Monday, September 28, 2009

Too Stressed To Learn?


*A re-post from 2007, but as relevant today as then*
Life's tough. Perhaps a little too tough.
So says a letter to the Editor in the February 8, 2007 edition of The Denver Post. Two classes of sixth graders, in a "joint, in-class writing project" and mentored/guided by their teachers, wrote a letter espousing how "stressed" they are in this day and age.
Here's the letter:
It's time to change the definition of winning.
It's tough being a kid these days. Even before we are born, our parents, teachers, coaches and counselors are stressing about us. Our parents are choosing to work two jobs to have enough money to get us into the right play groups, the right schools, and onto the right teams so we can all be winners.
At school we have to start earlier, stay later, we get no recess and more homework to do better on CSAPs (state standarized tests to measure achievement and performance) so we can all be winners. Our coaches schedule more practices, make us play year-round, and tell us not to play any other sports so we all can be winners.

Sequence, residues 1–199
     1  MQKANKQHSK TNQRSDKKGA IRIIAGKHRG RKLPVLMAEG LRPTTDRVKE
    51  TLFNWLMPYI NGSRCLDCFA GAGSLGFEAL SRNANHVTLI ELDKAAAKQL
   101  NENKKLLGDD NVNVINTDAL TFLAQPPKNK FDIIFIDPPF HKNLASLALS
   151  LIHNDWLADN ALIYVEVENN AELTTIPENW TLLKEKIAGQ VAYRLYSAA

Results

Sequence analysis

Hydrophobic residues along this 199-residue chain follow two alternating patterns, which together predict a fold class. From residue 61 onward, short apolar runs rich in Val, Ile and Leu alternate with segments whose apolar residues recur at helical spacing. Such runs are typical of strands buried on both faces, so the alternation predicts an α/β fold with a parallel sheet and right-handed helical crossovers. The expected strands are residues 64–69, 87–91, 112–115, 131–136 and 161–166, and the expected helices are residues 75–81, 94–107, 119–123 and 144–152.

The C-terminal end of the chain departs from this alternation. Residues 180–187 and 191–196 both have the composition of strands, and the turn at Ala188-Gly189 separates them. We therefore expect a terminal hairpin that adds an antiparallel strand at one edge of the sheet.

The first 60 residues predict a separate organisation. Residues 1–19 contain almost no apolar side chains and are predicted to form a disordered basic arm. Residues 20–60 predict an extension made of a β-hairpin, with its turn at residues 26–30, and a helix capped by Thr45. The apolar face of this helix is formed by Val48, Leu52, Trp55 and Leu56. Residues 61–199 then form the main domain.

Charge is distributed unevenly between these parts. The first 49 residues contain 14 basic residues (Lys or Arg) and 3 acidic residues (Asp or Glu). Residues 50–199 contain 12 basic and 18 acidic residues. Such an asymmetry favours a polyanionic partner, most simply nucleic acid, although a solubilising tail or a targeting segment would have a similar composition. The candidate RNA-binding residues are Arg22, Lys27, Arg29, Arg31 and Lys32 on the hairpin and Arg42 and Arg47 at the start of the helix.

But here's the problem: we can't all be winners because there aren't enough games, so we feel like we're letting everyone down. Then everyone wonders why we're so stressed out - and that's where the counselors come in.
What's the solution? Maybe we should change the definition of a winner. Right now, winners are those who have the most things - like money, trophies and fame. We think the real winners should be those who love, who are loved, and who are happy. And turning us into objects is not the way to get there.